• Damage Assessment provides a preliminary assessment of the extent of damage, number of homes and businesses affected and so on.
  • Emergency Medical personnel often work with other qualified emergency response units.
  • Mud-out teams assist in the removal of mud and other debris following a flood. This includes washing, sanitizing, and removing contaminated material.
  • Reconstruction teams rebuild and make permanent repairs to churches, homes, and other building affected by the disaster.
  • Shower and Laundry team provides water for showers and laundry for the team
  • Water Purification is provided by a unit that can purify large amounts of water
  • Shelter Care provide emergency shelter for displaced survivors.

And there are many more tasks that need to be filled.  You could probably do it yourself if you stopped to think about it!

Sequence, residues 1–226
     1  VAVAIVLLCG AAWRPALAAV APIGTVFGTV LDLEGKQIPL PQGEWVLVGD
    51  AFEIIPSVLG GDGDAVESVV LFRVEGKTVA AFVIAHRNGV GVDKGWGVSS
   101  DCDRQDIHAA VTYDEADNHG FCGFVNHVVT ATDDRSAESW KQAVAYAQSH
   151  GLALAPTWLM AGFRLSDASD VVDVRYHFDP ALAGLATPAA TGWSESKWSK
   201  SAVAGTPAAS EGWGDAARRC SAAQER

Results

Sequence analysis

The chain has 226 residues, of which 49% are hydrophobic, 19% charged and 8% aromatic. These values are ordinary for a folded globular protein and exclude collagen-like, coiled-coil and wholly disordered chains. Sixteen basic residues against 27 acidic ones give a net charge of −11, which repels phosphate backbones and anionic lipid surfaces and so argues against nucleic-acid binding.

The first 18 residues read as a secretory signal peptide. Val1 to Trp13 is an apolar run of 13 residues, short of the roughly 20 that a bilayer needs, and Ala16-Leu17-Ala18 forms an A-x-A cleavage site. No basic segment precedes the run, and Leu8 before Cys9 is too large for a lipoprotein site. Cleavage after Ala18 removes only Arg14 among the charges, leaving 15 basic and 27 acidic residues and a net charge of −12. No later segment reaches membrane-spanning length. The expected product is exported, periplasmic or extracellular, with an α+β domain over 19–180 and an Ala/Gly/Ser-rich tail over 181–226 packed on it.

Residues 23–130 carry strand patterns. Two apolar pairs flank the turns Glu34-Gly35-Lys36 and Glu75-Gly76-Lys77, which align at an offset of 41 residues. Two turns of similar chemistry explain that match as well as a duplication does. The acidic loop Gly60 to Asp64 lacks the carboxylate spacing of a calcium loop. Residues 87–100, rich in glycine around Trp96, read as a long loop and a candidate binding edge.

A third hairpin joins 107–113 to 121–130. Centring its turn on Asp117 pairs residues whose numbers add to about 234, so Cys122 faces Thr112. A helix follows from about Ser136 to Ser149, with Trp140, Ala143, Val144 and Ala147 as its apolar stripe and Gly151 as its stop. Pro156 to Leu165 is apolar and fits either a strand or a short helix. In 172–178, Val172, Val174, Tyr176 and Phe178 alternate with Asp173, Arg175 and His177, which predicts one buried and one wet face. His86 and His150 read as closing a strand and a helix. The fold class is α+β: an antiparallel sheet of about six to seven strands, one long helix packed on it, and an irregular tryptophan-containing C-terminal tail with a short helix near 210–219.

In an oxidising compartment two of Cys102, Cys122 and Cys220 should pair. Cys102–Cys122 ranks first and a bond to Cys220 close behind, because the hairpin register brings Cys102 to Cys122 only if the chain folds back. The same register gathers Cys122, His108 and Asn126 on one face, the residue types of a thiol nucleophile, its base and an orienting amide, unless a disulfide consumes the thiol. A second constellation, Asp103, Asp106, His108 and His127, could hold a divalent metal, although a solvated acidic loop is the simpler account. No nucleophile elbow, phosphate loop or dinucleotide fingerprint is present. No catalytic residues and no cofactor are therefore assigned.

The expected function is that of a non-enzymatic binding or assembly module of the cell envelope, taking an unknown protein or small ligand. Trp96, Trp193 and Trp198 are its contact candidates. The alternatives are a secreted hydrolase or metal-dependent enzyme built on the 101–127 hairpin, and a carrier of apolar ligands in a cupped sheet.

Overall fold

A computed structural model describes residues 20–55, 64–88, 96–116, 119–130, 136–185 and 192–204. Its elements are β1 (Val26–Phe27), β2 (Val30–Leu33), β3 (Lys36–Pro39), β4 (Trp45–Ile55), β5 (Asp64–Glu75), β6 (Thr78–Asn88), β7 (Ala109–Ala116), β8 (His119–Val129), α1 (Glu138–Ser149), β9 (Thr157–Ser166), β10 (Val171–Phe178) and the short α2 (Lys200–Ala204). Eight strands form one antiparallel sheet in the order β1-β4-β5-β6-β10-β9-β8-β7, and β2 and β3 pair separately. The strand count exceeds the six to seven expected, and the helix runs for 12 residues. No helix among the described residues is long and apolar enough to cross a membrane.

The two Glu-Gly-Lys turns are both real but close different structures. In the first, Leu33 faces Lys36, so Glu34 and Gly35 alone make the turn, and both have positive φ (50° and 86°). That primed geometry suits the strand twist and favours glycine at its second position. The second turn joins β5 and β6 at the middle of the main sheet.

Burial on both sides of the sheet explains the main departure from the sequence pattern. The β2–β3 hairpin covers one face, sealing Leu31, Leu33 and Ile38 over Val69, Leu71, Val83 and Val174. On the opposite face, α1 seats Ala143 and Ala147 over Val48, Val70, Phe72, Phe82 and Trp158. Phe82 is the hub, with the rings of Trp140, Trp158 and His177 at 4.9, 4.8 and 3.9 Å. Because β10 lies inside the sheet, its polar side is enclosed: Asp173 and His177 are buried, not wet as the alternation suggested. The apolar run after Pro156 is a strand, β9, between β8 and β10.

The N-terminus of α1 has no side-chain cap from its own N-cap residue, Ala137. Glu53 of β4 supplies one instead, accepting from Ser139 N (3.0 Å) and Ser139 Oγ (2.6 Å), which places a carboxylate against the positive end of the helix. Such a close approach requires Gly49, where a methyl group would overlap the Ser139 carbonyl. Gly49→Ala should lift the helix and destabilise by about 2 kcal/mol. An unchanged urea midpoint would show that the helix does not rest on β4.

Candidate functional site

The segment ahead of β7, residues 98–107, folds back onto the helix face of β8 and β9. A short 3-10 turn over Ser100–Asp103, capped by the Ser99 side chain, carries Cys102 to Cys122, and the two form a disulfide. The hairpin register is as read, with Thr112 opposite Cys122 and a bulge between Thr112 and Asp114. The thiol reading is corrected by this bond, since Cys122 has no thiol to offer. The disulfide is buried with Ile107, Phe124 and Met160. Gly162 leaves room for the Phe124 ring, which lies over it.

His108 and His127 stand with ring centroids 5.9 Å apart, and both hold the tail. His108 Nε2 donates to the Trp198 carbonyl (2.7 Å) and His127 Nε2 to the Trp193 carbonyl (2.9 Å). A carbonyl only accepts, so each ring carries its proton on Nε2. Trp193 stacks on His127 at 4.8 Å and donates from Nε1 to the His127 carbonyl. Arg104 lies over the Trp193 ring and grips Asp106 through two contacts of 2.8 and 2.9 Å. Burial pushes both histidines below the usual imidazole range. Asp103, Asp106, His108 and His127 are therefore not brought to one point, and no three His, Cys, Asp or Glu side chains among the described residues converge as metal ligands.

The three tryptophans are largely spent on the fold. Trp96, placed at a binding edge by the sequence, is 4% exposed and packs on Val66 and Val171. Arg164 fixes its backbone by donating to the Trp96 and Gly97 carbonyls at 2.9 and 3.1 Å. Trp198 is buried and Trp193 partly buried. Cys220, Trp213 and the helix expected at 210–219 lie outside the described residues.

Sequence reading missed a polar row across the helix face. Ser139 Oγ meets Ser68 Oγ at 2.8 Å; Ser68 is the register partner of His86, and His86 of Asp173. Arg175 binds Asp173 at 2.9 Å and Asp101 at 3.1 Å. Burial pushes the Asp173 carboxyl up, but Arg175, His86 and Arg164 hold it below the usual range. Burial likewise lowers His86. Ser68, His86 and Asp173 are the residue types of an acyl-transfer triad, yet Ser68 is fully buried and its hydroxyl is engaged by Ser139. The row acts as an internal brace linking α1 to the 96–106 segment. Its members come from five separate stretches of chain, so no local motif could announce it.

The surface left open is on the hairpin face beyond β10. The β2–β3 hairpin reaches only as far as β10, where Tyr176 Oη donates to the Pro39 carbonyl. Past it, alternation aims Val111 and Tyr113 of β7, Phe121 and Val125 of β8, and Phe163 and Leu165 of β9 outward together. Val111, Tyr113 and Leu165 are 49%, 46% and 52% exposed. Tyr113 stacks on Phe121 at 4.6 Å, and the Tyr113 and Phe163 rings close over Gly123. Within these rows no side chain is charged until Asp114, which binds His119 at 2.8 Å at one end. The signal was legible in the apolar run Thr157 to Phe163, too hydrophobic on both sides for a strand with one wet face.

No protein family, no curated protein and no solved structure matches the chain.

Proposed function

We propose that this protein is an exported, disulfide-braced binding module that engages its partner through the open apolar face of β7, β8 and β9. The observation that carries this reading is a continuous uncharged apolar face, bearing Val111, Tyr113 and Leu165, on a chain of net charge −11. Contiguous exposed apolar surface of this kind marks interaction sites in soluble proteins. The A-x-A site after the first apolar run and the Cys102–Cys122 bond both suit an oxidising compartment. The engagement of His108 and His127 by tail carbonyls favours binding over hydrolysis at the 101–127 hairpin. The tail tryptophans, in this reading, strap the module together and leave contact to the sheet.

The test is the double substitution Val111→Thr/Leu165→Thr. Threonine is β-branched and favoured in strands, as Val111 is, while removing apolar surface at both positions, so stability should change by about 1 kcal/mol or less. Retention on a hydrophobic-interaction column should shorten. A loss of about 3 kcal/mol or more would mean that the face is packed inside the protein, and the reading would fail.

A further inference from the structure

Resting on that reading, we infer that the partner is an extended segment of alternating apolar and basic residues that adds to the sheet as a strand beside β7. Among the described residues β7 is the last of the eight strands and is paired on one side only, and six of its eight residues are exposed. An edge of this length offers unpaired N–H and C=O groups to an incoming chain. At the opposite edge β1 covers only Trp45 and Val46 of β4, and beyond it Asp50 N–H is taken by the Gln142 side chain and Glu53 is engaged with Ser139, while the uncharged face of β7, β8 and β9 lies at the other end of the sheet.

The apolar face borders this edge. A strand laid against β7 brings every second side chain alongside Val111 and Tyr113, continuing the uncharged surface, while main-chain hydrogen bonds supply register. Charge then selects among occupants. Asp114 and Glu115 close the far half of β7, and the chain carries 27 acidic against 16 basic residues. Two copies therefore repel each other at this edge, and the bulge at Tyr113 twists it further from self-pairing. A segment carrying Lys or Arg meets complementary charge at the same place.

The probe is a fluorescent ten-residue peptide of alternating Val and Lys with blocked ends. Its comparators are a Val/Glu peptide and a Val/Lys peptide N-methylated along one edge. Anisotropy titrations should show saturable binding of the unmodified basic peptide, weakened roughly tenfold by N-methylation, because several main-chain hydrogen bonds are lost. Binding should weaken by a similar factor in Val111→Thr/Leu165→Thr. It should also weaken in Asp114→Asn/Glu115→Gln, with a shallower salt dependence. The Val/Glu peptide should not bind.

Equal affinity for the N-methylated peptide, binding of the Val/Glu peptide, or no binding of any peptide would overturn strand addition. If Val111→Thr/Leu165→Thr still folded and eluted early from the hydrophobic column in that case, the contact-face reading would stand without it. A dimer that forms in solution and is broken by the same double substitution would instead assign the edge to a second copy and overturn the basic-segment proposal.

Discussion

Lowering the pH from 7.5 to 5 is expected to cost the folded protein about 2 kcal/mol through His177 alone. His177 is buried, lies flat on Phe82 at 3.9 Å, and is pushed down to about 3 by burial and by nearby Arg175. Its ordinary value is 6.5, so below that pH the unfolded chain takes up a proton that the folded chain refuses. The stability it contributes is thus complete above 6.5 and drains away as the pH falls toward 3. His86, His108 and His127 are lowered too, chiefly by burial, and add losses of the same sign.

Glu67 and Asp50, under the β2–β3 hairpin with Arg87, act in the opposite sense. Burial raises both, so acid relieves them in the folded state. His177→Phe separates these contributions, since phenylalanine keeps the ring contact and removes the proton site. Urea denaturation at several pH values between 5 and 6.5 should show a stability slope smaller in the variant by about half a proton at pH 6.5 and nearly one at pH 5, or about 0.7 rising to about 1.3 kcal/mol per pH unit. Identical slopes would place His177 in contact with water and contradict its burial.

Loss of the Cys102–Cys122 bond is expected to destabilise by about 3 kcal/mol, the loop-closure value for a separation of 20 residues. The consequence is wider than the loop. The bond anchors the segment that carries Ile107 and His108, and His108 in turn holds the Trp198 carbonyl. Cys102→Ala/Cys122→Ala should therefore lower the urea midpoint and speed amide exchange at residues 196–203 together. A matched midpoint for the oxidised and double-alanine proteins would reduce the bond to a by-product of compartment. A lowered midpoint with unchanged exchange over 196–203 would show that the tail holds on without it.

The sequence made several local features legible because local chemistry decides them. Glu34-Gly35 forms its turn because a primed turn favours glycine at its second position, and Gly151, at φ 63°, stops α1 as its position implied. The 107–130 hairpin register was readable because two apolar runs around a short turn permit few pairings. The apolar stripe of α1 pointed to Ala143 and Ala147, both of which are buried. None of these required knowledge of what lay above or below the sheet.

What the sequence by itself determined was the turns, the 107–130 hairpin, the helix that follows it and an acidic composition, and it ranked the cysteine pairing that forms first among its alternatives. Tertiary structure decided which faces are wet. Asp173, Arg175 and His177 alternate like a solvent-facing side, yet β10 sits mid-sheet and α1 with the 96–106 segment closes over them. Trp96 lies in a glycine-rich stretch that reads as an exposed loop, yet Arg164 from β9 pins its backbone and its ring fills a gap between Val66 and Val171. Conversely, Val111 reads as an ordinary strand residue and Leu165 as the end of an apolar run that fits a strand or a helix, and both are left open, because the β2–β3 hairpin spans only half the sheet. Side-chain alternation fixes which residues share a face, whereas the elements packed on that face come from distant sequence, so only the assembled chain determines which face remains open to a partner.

But like all things that require cross functional coordination and teaming, training is required.  To be credentialed, you must be 18 years old.  See the picture of the seven-member team our church to be certified or recertified on Oct 2-3. 

Training began on a Friday night and was complete Saturday afternoon.  Specific training is provided for the various skills needed.  For example, at this event in Saint Louis, training in mass feeding, chainsaw, flood recovery, communications, shower/laundry, child care, were a few of the several classes offered.  Once trained, the individual receives their yellow hat and shirt, and does not need to be recertified for five years.

MO Baptist Disaster Relief provides training around the state four times a year, but with eight regions to cover, it only comes to our region of the state every two years.  So next time it is in our area, GO!